One last thing on the Jax/Clay situation: At least one of the guys involved in the drive-by was black, which complicates things a bit. It could mean Pope is somehow involved in the Clay/Nomad deal. Alternatively, it was mentioned that Warren, the con man played by Joel McHale, runs with a crew. So it could’ve been his guys getting revenge. After all, it seems silly to get a name like McHale to play a one (and one-tenth) and done character. If he’s just going to disappear now, his familiar face did nothing but detract from the suspension of my disbelief, which is a point in favor of this option. But the far more likely scenario is still that Clay hired a random black gang banger so he could make Pope a scapegoat. After all, Clay’s really only ever had one move when he needed to bail himself  out of trouble: blame it on the blacks. Think about it, Donna got shot, blame it on the blacks, Opie shot me, blame it on the blacks, and so on and so forth.

Now, on to the episode’s last bit of drama: Gemma falling asleep at the wheel and crashing with the Teller children in tow. Filthy Phil had a concerned look on his face as Gemma buckled the kids in. After all, she’d been smoking pot and maybe drinking just a little bit earlier and had likely been awake for more than 24 hours dealing with her car getting stolen, Unser being attacked, and the rest. The sequence ended with what appeared to be Abel’s blood dripping onto his stuffed toad, hence the title “Toad’s Wild Ride.”

The scene was foreshadowed in Jax and Gemma’s earlier conversation, in which mama bear revealed that her overbearing, possessive love of Jax stems from the early death of his older brother Thomas. Said discussion led to Jax advocating for Gemma to watch the kids for the weekend, despite Tara’s misgivings, which in turn led to the fateful crash. Is the death of Tara’s oldest child (I know, Abel’s not technically her child, but still) the final step of her transformation into Gemma? Well…

Here’s the thing, I’m still not positive Abel’s dead. Jax and Gemma’s discussion could have been a red herring. Maybe it was Gemma’s blood, or some grape juice. Maybe Abel’s alive but seriously injured. Sutter’s been known to pull that kind of thing before. Remember when we were all convinced Juice had hung himself? Because I sure do. Maybe it won’t be Tara turning into Gemma because of the death of her eldest child, but Jax turning into Nero because his son is now handicapped.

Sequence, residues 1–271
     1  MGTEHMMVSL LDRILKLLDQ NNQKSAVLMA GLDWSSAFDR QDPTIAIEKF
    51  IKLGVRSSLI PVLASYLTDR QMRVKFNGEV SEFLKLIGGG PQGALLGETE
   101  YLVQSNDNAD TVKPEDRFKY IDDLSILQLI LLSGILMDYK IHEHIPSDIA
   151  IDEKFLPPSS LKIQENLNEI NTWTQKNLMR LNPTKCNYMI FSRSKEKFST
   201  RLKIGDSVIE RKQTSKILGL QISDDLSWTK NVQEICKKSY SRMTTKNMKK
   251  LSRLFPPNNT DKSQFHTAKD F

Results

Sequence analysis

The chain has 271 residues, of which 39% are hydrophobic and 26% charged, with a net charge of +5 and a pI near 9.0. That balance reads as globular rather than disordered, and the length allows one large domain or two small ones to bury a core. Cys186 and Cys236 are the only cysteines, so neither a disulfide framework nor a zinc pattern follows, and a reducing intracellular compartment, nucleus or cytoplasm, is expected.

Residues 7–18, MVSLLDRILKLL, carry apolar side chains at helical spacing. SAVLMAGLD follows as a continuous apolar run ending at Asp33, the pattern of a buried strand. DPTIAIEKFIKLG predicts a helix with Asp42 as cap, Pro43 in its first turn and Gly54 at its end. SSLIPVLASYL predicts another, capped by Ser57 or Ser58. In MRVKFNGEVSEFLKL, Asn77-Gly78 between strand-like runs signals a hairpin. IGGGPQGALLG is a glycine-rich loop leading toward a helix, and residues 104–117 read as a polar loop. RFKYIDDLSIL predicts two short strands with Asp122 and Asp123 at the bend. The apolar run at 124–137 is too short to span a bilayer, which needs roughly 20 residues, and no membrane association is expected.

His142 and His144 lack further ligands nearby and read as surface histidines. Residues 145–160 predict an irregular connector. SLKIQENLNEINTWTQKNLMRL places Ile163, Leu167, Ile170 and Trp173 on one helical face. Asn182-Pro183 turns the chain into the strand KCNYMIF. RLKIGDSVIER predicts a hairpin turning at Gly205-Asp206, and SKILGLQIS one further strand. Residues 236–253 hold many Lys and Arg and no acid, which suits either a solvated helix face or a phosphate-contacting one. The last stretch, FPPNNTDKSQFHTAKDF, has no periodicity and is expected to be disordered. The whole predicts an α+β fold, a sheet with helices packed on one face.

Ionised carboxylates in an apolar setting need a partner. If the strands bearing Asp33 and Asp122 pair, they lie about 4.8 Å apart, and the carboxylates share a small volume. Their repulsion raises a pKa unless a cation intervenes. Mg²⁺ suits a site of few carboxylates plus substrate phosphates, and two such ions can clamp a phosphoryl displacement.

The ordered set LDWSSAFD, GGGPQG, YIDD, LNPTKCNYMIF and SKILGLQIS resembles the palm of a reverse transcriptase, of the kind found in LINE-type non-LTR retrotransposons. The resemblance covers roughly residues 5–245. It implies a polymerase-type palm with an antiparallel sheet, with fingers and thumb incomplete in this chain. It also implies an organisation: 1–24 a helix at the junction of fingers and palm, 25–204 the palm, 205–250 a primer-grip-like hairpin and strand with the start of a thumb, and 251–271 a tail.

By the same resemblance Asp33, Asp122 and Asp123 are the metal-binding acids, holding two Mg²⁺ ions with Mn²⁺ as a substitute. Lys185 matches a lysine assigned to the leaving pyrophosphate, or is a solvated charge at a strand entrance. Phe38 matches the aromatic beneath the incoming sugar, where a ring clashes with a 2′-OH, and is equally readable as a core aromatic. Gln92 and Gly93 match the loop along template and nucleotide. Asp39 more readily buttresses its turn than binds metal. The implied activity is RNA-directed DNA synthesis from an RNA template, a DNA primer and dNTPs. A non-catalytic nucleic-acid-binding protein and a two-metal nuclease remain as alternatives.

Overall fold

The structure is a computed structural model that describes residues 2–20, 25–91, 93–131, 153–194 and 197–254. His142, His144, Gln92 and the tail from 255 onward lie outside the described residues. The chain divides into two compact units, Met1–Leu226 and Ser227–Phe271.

The result could be any of these things, or none of them. Here’s what we know for goddamn sure: Tara is going to tear Gemma to shred regardless. Remember when she beat the shit of Carla for almost getting Jax killed? That was one thing, she knows the kind of life her husband lives. But her children? And after she continually reiterated that she was trusting Gemma in spite of her best instincts? Gemma is in for a (overly due) beatdown. Tara’s rage could also land on Jax. After all, it was his idea to trust Gemma with the kids in the first place.

No matter what, this episode moved a whole lot of interesting plot lines forward and set the tables for a few more. I have to admit I was worried about the show falling off after a few of the season’s weaker episodes, but after this week I’m sure we’re in for the same thing Toad was. Get it? A wild ride.

Check out the preview for next week’s episode below and follow the writer on Twitter @NateKreichman.

  

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One response to “Sons of Anarchy 5.07: Toad’s Wild Ride”

  • Gerardo says:

    The drama with the kids and the accident seems to be a bit much. This show never seems to slow down any more – it’s like a daytime soap opera sometimes. Also, killing off Abel after all the Irish drama seems way over the top. It’s probably a head fake as you suggested.